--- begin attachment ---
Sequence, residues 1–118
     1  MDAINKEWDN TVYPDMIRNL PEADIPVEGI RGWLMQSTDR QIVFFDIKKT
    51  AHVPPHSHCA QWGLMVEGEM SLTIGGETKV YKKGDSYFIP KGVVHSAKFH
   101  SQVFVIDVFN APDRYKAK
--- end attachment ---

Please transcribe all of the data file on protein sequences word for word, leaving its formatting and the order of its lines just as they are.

Sequence, residues 1–118
     1  MDAINKEWDN TVYPDMIRNL PEADIPVEGI RGWLMQSTDR QIVFFDIKKT
    51  AHVPPHSHCA QWGLMVEGEM SLTIGGETKV YKKGDSYFIP KGVVHSAKFH
   101  SQVFVIDVFN APDRYKAK